Sep 23 , 2021
6 minute read
What is sensory play?
A play that activates and stimulates a child’s senses like touch, sight and hearing is a sensory play.
In our last post (click here) we’ve learned that there are seven senses that we use in sensory integration. Babies and toddlers learn about the world and make sense of the new things they experience each day through these senses. As they grow they start to play. Through that play they learn so much about the world around them.
What sensory play actually does?
The first 3 years of life are a time of rapid growth and development for a child. Sensory play is active play that helps to create connections in the brain that allow for increasingly complex thoughts and tasks. It helps children develop mindfulness skills, and can also be excellent for helping to calm a child who may be feeling anxious or angry. It builds observational skills and abstract thinking. It also encourages experimentation.
Sensory play ideas and activities
Sensory play is most of the times quite simple to set up. Though thinking of ideas to help your child engage in sensory activities can sometimes be exhausting. To help you, we came up with suggestions for simple sensory play that your children will love!
Make a sensory bin
Fill a box or container with objects from nature such as leaves, pebbles, grass and sand that have different textures for your little one to explore. You can also use foods, like different kinds of pasta, rice, or beans. Encourage them to use spoons and scoops in order to discover small toys that they’ve previously buried in them.
Caution!!! Kids often explore with their mouths. Make sure to clean all items and supervise play at all times to avoid choking hazards.
Let them play with food
Squishing, smearing, and tasting as they go — gives them a sensory experience that helps them learn. It’s a safe way to taste, smell and explore texture through play. And yes, it will get messy. Don’t say we didn’t prepare you for that one 😊. You can talk about table manners as they get older.
Sound tubes will help your children connect with the auditory world around them. You can use a few empty paper towel rolls filled with different materials (uncooked rice, beads, dried beans). Safely secure the ends of the tubes. Hearing the different noises will delight your little one.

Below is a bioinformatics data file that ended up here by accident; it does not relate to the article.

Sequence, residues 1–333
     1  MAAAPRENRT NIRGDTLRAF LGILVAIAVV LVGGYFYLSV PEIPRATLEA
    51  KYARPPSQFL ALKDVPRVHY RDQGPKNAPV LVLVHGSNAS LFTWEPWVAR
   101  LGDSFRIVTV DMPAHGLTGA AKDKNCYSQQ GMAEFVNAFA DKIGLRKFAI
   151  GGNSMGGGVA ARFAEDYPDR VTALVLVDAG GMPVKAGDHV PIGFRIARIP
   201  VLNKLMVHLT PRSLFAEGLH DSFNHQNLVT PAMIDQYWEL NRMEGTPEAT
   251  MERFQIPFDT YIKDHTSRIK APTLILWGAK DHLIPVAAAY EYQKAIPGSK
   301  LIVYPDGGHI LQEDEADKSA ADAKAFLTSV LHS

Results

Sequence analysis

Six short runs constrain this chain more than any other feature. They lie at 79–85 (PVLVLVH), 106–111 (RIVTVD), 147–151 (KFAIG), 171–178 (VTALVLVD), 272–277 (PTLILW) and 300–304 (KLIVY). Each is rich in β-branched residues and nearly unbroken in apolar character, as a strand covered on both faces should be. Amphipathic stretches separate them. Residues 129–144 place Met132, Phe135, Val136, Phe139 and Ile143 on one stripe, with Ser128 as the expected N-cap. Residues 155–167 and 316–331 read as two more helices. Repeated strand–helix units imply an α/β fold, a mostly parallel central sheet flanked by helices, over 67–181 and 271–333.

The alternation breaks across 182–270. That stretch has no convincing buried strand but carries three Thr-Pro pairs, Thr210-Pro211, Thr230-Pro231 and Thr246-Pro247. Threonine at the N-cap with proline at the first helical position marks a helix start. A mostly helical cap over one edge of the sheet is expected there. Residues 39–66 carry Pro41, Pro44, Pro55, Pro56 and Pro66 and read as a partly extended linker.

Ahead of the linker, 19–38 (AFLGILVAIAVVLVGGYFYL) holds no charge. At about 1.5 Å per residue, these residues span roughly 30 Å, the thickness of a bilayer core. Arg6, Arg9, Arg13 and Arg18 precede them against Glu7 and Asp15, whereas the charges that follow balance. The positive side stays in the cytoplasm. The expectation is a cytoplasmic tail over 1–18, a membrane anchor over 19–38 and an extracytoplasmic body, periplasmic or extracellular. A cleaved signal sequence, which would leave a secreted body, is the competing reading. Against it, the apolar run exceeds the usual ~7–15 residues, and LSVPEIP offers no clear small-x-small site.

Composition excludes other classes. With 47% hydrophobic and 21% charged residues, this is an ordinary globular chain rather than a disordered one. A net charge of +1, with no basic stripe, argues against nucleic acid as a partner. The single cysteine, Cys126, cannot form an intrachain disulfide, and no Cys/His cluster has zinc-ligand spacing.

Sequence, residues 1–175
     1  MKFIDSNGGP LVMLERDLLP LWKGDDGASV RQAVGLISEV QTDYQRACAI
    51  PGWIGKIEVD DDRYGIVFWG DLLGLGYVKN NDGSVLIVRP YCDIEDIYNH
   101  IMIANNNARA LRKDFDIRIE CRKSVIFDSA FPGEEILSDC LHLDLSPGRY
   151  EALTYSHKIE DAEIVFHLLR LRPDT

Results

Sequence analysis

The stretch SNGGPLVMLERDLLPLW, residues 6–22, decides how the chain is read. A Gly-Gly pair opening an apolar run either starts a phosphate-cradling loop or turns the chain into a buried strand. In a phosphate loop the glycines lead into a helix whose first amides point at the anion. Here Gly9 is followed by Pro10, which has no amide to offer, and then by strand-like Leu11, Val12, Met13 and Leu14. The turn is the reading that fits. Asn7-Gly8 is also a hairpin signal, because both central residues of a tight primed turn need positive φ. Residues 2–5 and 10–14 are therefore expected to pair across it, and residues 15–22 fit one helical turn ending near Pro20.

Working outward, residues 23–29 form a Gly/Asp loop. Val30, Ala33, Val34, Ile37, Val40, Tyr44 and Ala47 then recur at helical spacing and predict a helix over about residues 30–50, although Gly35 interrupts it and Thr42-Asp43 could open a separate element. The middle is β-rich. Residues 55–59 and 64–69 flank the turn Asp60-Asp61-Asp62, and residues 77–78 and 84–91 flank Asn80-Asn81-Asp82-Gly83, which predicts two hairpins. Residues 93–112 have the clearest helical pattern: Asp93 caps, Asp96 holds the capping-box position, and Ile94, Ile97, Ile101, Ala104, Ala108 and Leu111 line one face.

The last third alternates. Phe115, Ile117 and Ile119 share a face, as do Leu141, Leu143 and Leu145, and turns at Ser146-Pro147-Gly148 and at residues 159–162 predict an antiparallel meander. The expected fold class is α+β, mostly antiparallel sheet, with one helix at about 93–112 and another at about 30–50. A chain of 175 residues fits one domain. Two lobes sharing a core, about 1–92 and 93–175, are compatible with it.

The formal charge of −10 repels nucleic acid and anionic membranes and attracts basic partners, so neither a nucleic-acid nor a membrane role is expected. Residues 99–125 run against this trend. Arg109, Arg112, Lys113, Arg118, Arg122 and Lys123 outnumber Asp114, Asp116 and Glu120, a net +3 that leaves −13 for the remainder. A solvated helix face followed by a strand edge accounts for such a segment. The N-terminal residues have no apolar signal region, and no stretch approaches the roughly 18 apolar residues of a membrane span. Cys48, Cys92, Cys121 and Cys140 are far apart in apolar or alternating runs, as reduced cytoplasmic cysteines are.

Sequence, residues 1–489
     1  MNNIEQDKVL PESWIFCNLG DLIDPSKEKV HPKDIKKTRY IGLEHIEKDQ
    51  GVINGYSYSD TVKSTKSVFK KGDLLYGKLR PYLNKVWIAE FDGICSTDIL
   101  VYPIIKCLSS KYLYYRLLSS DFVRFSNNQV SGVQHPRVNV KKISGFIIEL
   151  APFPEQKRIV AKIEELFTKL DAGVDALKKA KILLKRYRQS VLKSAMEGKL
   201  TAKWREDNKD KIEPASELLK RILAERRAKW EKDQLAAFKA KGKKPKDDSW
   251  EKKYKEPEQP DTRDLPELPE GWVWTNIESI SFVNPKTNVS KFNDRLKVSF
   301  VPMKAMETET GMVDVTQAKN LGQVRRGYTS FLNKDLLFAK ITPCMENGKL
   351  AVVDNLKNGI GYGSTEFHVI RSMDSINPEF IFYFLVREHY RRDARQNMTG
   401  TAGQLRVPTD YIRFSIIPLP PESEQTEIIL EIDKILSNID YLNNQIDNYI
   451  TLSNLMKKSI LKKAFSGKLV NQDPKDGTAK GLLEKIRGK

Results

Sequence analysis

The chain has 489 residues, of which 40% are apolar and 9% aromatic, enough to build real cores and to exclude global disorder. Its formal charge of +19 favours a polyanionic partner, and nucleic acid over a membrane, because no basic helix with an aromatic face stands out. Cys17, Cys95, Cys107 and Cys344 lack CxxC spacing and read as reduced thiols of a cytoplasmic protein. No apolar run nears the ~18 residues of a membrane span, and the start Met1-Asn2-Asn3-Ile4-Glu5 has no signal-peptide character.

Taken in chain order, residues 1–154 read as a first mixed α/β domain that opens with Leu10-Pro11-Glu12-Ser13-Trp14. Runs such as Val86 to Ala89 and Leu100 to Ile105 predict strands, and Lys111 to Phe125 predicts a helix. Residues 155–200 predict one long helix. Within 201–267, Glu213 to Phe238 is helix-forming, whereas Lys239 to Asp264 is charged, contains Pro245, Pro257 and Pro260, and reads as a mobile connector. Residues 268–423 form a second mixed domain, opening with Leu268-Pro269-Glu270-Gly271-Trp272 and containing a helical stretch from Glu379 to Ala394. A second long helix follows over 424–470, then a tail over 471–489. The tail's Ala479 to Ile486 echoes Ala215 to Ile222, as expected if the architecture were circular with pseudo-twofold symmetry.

Play dough’s soft and squishy texture ensures that your child will enjoy hours of rolling, slicing, and chopping as they play. You can even make your own dough if you prefer. There are tons of recipes on the internet on how to make it.
This one is really easy. Simply tape lines onto the floor and challenge your child to walk the line.
Playing in sand
Consider investing in a sandbox and a few good sand toys. It is a great fun for little ones and it will help them get a feel for the world. Get them playing in the sand with cups and small shovels.
Try to use swings in new ways. Pull their feet and then release (instead of pushing them). Twist the swing in one direction and then allow it to spin back in the other direction.
Digging in the dirt, sorting seeds, watering, and smelling the flowers or herbs you plant will all stimulate the senses. It doesn’t need to be big — you can plant small seeds into the cups of an egg carton.
Baking bread offers unique sensory activities as children get the chance to knead the bread before it bakes. The process will be longer, but still let your child measure, pour and stir the ingredients.
To create a frozen toy activity simply freeze some miniature toys (like action figures) into ice and then let your baby manipulate the ice with their hands until the objects are free. A great way to teach a child about hot and cold.
Don’t let the child see the object you are holding. Use it to make a sound like clicking, pushing buttons on a toy, bouncing a ball. Then ask your child to guess the object making the noise.
You can use the sense of smell in the similar way. Let them smell but don’t let them see what you are holding. Then ask them to guess familiar scents like coffee, flowers, onion or fruit.
As you can see, sensory play activities can be fun, interesting and inexpensive. Most of the things needed, you already have on hand. Help your children engage with their senses because it will give them the chance to learn and grow. To feel and to get to know the world is probably the best thing you can give them.
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- Butcher, K. (2016). Cognitive development and sensory play.
- Coulthard, H. (2017). Play with your food! Sensory play is associated with tasting of fruits and vegetables in preschool children.
- Wang, S. (2012). Play, stress, and the learning brain.
- Yogman, M. (2018). The power of play: a pediatric role in enhancing development in young children.